Worldwide there are now 37 million people infected with HIV, including nearly 4 million children and, last year alone, there were 350,000 new diagnoses amongst children. In my previous blogs I've written about coming to terms with my HIV within the context of the workplace in the UK, as well as LGBT bullying in schools. In my forthcoming autobiography "Positive Damage" I elaborate further on how co-infection with HIV and Hep C impacted me and how, even in a wealthy and progressive society, I felt stigmatised, at times, on account of my HIV. However, regarding HIV it is important to emphasise that this is a truly global crisis, affecting rich and poor countries alike, impacting people both gay and straight, a killer which does not discriminate, and it is only by standing united that we can face this terrifying challenge.
It was with a spring in my step that I made my way to Jemima Khan's Halloween Ball in aid of Unicef UK at the end of October 2014, which raised an extraordinary £750,000 to help children affected by conflict in Syria. I wore black leggings and a silver mask to make a fantastical, albeit not very frightening, ghoul-a superhero-horror hybrid! Jemima has done an amazing amount to help Unicef UK and has been an ambassador for 13 years. She had recently returned from Jordan, where she observed the incredible work Unicef does to help Syrian children impacted by the conflict. She met a 17-year-old boy named Adil, who left Syria as a refugee. He wants to become a civil engineer and Unicef is helping children like Adil continue their education, so that they too may pursue their dreams. At the party the guests shared a common goal: to raise money and awareness for vulnerable Syrian children in danger. This public display of support and the conversations I had with people there, all passionate about fighting for the rights of the vulnerable children of the world, inspired me to think more about my own philanthropy and how I could do more to help Unicef UK.
As well as helping children impacted by the conflict in Syria, Unicef also does a tremendous amount to combat HIV and challenge misconceptions surrounding this illness around the world. At a recent lunch with Sarah and Katie from Unicef UK, two inspiring women, I heard more about how HIV impacts young people in South Africa. They recount painful stories of grief and alienation, but also of profound and inspirational hope. It is hard to comprehend how difficult it must be to lose parents to AIDS, to be diagnosed as HIV-positive and then to be stigmatised.
I was particularly inspired by the work Unicef is doing through their "Isibindi" project, which aptly means "courage" in Zulu. South Africa continues to be the most affected country in the world in terms of absolute numbers. There are an estimated 3.7 million orphans in South Africa-close to half of them have lost their parents to AIDS related diseases. Isibindi workers ensure the safety and well-being of children through regular visits to homes and accompanying them to schools and check-up to clinics and hospitals. Isibindi safe parks have also been created where children and adolescents are supervised after school hours. The parks include shelters, play equipment, toys and a youth run garden: these islands of hope seek to give children back their childhoods by involving them in education and playful activities.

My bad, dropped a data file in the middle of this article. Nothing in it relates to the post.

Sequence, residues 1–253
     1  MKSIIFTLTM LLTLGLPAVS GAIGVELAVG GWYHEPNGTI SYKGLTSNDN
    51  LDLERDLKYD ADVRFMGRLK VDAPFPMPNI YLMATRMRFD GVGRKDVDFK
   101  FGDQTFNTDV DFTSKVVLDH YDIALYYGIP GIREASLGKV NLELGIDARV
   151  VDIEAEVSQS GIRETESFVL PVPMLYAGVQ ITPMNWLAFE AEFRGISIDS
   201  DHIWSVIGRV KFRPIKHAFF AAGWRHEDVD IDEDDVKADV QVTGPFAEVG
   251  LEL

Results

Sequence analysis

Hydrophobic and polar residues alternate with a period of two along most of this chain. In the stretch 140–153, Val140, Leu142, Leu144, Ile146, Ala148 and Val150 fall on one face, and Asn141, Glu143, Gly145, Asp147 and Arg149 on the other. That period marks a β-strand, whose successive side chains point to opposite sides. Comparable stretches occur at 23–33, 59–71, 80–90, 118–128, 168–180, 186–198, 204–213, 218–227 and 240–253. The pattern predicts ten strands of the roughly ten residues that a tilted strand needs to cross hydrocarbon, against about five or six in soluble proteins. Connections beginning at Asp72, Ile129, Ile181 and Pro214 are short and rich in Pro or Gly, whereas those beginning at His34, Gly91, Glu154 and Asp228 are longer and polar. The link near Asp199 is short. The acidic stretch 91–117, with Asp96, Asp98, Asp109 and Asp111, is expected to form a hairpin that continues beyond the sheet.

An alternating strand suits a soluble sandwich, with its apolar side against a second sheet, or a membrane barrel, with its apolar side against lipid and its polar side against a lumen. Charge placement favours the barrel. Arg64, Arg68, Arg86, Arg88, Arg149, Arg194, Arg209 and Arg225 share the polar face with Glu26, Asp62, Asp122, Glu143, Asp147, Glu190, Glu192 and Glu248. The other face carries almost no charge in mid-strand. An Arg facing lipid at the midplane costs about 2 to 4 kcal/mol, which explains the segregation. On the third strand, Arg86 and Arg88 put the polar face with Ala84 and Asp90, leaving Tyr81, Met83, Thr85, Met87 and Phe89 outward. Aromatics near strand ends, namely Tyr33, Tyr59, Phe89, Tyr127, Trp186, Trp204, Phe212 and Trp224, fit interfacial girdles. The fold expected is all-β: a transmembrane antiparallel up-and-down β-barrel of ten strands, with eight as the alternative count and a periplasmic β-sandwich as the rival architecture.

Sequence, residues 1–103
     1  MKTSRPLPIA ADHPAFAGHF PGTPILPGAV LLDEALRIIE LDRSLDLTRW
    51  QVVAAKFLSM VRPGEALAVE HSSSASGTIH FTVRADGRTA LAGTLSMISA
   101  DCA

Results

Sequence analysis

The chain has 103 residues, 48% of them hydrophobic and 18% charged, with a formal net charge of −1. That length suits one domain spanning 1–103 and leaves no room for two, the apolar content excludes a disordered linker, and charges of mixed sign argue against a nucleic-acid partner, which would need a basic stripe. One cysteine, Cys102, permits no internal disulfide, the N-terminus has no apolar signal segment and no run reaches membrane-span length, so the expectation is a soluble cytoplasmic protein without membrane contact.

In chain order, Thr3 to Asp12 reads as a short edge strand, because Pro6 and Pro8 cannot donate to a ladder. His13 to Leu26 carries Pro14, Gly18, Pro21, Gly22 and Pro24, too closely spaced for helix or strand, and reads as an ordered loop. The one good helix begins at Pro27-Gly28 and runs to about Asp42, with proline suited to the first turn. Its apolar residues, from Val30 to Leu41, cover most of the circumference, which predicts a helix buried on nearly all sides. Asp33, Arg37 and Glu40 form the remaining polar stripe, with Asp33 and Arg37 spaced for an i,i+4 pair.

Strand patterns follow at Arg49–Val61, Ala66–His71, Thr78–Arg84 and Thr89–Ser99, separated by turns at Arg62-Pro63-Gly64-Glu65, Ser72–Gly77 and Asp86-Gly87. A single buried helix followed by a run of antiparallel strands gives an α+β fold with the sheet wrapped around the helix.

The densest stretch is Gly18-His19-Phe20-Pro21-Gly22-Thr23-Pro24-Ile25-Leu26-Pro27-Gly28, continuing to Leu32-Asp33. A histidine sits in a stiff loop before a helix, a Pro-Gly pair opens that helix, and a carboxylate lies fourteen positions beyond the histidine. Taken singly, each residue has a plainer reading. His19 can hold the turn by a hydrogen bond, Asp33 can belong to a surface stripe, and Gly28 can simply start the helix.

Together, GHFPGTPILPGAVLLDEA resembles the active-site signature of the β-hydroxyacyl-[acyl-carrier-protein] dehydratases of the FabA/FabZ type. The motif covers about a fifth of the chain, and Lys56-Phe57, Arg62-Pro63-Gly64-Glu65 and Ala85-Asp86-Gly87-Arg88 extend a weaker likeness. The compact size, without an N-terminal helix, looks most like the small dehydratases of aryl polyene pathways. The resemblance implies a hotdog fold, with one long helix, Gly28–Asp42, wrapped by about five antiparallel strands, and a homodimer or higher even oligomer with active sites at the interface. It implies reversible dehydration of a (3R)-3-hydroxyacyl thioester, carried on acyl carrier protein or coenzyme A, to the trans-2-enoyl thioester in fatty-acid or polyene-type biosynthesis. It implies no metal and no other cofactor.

I heard one young boy's story which particularly stood out. Nufolo was orphaned by HIV and AIDS and was taken in by his aunt. However, instead of entering the loving environment that he craved, Nufolo was treated like a domestic slave and abused. His aunt was made the beneficiary of Nufolo's monthly childcare grant, but this money was not used properly to feed or dress him. His health deteriorated, he struggled to perform his chores and instead of compassion and love he received further abuse from his family. Nufolo's education also suffered as he could barely stay awake during lessons and quickly fell behind. After visiting Nufolo, the care workers immediately recognised his vulnerable state and helped return him to his elder sister's home. This was daunting for his sister, as she had no idea how to care for a young boy. However, the Isibindi workers committed to give both Nufolo and his sister the support and advice they needed.
Unicef is working tirelessly to bring hope, aspiration and, most importantly, love, back into these children's lives. I am committing one per cent of the profits from "Positive Damage" to Unicef's vital work. I feel that, despite living with HIV and Hep C, I have still been able to live a fairy tale. This New Year I implore you to spare a thought for vulnerable children all over the world who urgently need Unicef's help and donate a few pounds to Unicef and help transform a child's future, allowing them to achieve their dreams.Suggest a correction